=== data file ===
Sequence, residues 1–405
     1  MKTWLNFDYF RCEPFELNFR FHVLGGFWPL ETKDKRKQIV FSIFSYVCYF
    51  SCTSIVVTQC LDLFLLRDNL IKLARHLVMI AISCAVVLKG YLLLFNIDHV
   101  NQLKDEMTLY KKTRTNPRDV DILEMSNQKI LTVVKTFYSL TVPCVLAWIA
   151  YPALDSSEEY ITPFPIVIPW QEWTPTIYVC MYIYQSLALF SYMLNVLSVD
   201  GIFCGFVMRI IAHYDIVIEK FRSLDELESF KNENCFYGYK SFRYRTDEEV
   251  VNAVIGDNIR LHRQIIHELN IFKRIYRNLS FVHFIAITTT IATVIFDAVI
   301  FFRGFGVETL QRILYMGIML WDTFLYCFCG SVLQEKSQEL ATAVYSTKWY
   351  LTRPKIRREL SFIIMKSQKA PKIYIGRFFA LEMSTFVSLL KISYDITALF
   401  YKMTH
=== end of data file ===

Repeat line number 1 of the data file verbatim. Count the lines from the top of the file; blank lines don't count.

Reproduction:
Sequence, residues 1–405